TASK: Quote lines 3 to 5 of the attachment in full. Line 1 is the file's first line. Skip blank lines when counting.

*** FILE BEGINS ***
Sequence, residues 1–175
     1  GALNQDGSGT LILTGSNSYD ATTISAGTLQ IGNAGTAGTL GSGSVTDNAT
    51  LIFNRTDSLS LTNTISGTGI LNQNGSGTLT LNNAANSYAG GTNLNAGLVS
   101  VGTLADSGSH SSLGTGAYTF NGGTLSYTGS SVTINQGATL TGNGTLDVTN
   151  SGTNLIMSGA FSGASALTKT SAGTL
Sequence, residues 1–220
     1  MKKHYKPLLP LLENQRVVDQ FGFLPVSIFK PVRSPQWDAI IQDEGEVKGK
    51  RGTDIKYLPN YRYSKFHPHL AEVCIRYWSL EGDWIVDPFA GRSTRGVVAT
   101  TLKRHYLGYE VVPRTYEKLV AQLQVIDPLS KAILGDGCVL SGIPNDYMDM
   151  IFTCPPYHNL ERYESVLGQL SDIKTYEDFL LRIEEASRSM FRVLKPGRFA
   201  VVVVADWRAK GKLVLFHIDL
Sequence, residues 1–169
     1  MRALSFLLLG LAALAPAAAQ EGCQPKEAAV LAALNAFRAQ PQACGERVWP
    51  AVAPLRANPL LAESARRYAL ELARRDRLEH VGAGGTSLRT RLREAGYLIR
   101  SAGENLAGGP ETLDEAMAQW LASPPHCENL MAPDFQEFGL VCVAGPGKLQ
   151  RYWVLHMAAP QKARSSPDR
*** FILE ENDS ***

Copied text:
    51  LIFNRTDSLS LTNTISGTGI LNQNGSGTLT LNNAANSYAG GTNLNAGLVS
   101  VGTLADSGSH SSLGTGAYTF NGGTLSYTGS SVTINQGATL TGNGTLDVTN
   151  SGTNLIMSGA FSGASALTKT SAGTL